Monthly Archives: October 2013

Judicial Administration in Ancient India

Administration of justice was not a part of the state’s duties in early times. We do not find references to any judicial organisations in Vedic literature. The aggrieved party in order to get its wrong redressed used to sit before the accused house and not allow him to move till his (aggrieved party) claims was satisfied or wrong righted. Later justice was administered by the tribe and clan assemblies and the judicial procedure was very simple. But with the extension of the functions of the state and the growth of the royal powers, the king came gradually to be regarded as the origin of justice and a more or less elaborate system of judicial administration came into existence. The Dharma Shastras, Niti Shastras and the Arthashastra provide us information about the well-developed judiciary. According to these literatures the king is the fountain head of all justice and he was required to spend every day about a couple of hours in adjudication. The paramount duty of the king is the protection of his subjects which involves the punishment of the wrongdoer. The law to be administered is the Dharma Shastras subject to local and other usages which are not inconsistent with the shastras.

 Types of Courts: Brihaspati speaks of four types of courts

  • Movable courts
  • Stationary courts
  • Courts deriving authority from the king and
  • Courts presided by the king himself.

He mentions three kinds of itinerant courts, one for the benefit of forest dwellers, one for the benefit of caravan serai merchants and one for the benefit of military men. According to Bhrighu there were fifteen kinds of courts. Some of the prominent courts where justice was delivered were-

  1. The Kings Court: At the head of the judicial system stood the kings court at the capital and presided by the king himself. But more often a learned Brahmana was appointed for the purpose and he was known as Adhyaksha or Sabhapathi. Earlier the Adhyaksha was selected for each particular occasion and in course of time became a permanent officer of state and held the position of the Chief Justice (Pradvivaka). Apart from the king, this court consisted of the Pradvivaka and three or four jurors.
  2. Court presided by the Chief Justice: The court presided by the chief justice appointed by the king called Pradvivaka was the second type of court.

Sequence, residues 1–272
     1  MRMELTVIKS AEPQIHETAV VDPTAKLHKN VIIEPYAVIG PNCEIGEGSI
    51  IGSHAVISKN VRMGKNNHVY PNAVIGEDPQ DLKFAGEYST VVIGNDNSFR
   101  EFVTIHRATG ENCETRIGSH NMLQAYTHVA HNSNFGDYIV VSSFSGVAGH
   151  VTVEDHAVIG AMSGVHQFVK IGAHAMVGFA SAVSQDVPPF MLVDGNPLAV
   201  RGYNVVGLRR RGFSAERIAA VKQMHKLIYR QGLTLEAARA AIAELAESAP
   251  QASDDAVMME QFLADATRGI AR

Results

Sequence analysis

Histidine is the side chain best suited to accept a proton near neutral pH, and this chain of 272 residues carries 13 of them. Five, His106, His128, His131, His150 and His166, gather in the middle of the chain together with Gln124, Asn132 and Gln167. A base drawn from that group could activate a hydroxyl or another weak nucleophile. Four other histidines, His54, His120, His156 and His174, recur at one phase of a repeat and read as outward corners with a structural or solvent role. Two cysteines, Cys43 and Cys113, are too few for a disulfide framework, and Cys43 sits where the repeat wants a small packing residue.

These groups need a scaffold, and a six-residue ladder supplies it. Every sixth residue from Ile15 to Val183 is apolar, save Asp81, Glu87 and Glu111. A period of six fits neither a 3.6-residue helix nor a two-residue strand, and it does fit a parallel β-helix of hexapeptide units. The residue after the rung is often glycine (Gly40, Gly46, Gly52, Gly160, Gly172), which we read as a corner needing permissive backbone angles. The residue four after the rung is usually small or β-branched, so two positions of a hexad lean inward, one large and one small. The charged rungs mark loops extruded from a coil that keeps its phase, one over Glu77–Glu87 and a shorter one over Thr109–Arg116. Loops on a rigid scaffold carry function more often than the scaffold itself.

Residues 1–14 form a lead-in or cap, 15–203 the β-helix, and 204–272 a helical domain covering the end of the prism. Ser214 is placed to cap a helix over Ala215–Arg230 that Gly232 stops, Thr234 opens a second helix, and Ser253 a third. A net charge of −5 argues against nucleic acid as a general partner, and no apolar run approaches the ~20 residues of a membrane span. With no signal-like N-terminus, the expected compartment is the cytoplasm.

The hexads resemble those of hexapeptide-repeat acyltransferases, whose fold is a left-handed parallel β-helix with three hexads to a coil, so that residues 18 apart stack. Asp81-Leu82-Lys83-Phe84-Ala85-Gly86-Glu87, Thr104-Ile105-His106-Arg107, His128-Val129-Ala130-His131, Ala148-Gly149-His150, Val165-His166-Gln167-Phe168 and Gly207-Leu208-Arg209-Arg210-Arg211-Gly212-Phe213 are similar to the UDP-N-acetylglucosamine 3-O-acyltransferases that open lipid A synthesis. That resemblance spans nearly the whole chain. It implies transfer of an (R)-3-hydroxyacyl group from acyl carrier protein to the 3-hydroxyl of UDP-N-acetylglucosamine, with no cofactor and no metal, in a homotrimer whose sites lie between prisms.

3. Principal Courts: Another court of importance were the principal courts in large town where royal officers assisted by learned person administered justice. They were presided by Adhyakshas appointed by the central government.
  4. Popular Courts: One special feature of ancient Indian judicial system is the existence of popular courts. Yajnavalkya for the first time refers to three types of popular courts.
  • Kula– The Kula has been defined by the Mitakshara as consisting of a group of relations, near or distant. The Kula or joint families were often very extensive in ancient India. If there was a quarrel between two members the elders used to attempt to settle it. The Kula court was this informal body of family elders.
  • Sreni– When the effort at family arbitration failed, the matter was taken to Sreni court. The term Sreni was used to denote the courts of guilds which became a prominent feature of the commercial life in ancient India from 500 B.C. Sreni had their own executive committees of four or five members and it is likely that they might have functioned as the Sreni court also for settling the disputes among their members. This was an assembly of persons following a particular profession like betel sellers, weavers, shoe makers and such like.
  • Puga– This was an association of persons drawn from various castes    and following different professions but staying in the same village or town. The Sabha or the village assembly of the Vedic period and Gramavriddha court of the Arthasastra were the forerunner of the Puga court.

Though these courts were essentially non-official and popular, they had the royal authority behind them. The government refused to entrain any suits except in appeals against their decision. It also gave effect to their decrees.

In ancient India village panchayats and guild courts were appreciated and encouraged for several reasons like-

  • They reduced the burden of the central administration.
  • The members of a village panchayat or a guild had more or less reliable knowledge of the fact in dispute as the parties belonged to their guild or locality and
  • It would be difficult for a witness to tell a lie in the presence of his own people and thereby lose his respect.

There was no limit to the jurisdiction of the popular courts in civil matters. They could not however try criminal cases of a serious nature. The popular courts played a prominent part in ancient India.